Let’s say you ran that $15,000 campaign and ended up with $35,000 in sales. You got a bit more than 100% ROI.
You can also use another formula:
- K = volume of keywords searched
- S = % of searchers who became visitors
- D = % of visitors who became leads
- C = % of leads who become customers
- V = average customer value
- L = Local SEO revenue
(K) x (S) x (C) x (V) = L
ROI = (L – Cost) / Cost
Let’s say 7,500 people search for “Carlsbad plumber” every month. Only a small percentage of these searches will end up on your site. The percentage, of course, depends on where you rank. If you are higher on the 1st page, you’ll end up with a larger portion of those visits.
So, let’s take a look at what you could expect if you were at the bottom of page one compared to what you could expect if you were in the number 1 position for that keyword phrase.
In position 10, you can expect to earn about 3% of the search traffic. Of that hypothetical 7,500, that’s 225 visitors. If you rank lower than that, you can expect even less traffic.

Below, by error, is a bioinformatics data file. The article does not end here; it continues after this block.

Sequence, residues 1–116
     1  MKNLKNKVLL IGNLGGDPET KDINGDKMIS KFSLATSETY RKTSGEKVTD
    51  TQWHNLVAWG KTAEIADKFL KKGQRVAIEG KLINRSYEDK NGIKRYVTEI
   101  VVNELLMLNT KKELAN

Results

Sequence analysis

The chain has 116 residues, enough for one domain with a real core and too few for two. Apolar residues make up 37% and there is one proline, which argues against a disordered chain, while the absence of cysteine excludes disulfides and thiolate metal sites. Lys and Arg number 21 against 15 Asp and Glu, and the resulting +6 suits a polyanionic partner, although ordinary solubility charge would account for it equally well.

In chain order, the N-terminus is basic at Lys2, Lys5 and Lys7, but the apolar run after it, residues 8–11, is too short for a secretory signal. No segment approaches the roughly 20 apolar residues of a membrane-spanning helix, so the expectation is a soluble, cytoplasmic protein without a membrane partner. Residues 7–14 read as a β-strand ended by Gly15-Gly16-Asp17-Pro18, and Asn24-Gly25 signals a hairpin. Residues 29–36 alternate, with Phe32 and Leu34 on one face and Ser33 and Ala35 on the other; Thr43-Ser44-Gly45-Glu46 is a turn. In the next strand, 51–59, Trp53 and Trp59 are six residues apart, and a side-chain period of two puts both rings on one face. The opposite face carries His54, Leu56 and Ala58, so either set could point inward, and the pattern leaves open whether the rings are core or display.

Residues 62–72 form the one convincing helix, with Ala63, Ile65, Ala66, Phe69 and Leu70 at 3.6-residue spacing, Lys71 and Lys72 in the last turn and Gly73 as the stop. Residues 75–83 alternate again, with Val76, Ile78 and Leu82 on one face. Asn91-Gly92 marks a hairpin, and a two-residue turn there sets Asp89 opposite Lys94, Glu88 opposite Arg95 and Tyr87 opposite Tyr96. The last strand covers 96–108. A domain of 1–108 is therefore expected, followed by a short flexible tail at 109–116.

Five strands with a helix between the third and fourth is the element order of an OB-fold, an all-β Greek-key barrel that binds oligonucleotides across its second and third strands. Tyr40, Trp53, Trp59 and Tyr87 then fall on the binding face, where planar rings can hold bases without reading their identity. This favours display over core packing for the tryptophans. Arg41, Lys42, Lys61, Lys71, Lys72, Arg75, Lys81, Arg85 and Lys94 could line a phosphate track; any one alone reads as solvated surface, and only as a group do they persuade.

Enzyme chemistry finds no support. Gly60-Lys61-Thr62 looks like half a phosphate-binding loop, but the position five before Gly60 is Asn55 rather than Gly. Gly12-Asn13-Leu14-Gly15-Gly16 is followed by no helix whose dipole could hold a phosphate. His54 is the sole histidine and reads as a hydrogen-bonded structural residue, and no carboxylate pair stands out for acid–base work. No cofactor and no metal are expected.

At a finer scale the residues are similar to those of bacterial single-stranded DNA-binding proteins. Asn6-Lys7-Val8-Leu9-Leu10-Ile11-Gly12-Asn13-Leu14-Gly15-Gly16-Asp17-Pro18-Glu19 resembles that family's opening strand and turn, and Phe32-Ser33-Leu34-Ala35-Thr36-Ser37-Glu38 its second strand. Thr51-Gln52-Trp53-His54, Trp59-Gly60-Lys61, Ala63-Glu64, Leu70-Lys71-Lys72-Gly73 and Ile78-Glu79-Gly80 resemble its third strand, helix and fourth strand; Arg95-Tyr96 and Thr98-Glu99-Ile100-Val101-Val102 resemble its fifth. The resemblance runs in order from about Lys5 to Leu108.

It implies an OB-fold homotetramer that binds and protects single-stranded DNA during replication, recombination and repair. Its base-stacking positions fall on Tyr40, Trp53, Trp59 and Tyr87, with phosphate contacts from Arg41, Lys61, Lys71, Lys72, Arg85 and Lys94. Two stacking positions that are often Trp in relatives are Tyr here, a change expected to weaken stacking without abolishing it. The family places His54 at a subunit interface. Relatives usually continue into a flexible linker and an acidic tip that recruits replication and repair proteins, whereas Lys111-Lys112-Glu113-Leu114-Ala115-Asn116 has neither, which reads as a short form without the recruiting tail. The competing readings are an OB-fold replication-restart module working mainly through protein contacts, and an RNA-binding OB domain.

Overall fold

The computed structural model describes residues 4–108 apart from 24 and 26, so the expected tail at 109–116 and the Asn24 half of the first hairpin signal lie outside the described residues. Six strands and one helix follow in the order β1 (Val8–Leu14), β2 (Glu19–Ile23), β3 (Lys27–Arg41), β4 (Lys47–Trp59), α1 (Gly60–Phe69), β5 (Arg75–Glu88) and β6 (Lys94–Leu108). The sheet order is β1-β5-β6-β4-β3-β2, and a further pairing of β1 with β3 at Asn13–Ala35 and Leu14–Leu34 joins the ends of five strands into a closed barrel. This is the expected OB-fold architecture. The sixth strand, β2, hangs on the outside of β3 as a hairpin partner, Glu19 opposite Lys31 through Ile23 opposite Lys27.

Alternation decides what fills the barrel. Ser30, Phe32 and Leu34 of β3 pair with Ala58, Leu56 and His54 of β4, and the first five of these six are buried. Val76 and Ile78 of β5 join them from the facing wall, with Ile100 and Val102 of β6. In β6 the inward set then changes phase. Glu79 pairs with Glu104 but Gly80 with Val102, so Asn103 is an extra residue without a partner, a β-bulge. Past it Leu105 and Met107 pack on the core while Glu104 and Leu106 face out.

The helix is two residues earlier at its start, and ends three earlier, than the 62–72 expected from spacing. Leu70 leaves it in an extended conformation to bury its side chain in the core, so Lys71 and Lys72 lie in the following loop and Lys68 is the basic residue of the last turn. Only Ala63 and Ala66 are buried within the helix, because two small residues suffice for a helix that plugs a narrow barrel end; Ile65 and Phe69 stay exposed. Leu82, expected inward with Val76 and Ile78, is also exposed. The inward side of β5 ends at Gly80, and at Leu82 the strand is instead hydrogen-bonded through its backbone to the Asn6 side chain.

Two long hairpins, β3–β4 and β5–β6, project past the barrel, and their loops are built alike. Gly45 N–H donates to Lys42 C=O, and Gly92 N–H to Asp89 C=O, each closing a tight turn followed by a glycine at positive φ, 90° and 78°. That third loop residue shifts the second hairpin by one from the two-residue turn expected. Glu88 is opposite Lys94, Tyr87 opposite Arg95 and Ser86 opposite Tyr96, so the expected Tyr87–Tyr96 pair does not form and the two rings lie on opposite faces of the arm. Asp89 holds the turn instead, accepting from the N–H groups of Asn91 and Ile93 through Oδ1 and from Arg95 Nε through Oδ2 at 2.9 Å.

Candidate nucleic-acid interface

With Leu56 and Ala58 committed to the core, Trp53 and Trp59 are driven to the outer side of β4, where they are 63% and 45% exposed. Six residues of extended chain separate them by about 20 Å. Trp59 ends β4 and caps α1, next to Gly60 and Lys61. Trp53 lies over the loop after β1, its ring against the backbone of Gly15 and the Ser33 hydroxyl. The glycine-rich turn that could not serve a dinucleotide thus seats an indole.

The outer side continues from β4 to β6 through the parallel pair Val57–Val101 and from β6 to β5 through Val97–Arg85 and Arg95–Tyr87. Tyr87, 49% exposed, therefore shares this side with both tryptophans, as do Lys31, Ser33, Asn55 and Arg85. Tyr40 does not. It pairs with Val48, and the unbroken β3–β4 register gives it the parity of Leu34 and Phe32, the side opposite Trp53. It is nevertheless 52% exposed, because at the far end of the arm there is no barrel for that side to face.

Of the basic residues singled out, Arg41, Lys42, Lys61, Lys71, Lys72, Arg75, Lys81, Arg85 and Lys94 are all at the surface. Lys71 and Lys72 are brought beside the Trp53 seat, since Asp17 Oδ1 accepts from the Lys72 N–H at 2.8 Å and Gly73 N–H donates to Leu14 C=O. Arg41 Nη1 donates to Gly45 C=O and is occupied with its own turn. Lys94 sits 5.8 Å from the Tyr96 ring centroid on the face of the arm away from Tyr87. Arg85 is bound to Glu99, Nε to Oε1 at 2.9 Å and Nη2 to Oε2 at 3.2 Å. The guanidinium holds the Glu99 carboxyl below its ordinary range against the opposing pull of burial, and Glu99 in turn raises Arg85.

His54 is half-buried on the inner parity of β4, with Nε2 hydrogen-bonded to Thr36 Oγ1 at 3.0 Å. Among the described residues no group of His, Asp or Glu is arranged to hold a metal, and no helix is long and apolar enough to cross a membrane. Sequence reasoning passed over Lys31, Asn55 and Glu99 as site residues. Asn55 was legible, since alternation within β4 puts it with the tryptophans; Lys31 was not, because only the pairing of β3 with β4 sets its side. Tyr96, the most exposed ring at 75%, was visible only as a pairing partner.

But, if you were in position one, you could expect to earn about 40% of the traffic for that keyword which means you would get 3,000 visitors. It’s clear that it pays more to rank higher.
To keep the math simple, let’s assume that 5% of visitors in both ranking positions become leads since the vast majority of people who visit your website won’t take the time to contact you at all. Now you’ve got 12 leads (rounding up) at position 10, and 150 leads at position 1.
We know that not every single lead will convert to a paying customer. Let’s assume that only 20% of those leads become paying customers. And position 10, you’d get 3 (rounding up) customers and in position one, you’d get 30.
If your average customer value is $200, you produced $600 in revenue in position 10 and $6,000 in position one.
If you’re spending a $750 a month in SEO services, and you’re left with $5,250 profit in the number one position and $150 loss in the number 10 position.
For every dollar you’re spending on SEO, you are earning $7 in return in the number one position. Though I’ve chosen completely arbitrary numbers, if you were in position 10 in this scenario, you would be losing money – 20 cents on every dollar – and therefore would need to increase your average customer value to make it worth it. If you spent less on your SEO, it would make it more difficult to increase your ranking quickly.
Knowing ROI is Important
Local SEO ROI can be found in many different ways. It’s important to look at the overall picture and focus on multiple metrics to see how well you’re doing. Choosing just one metric can skew your results.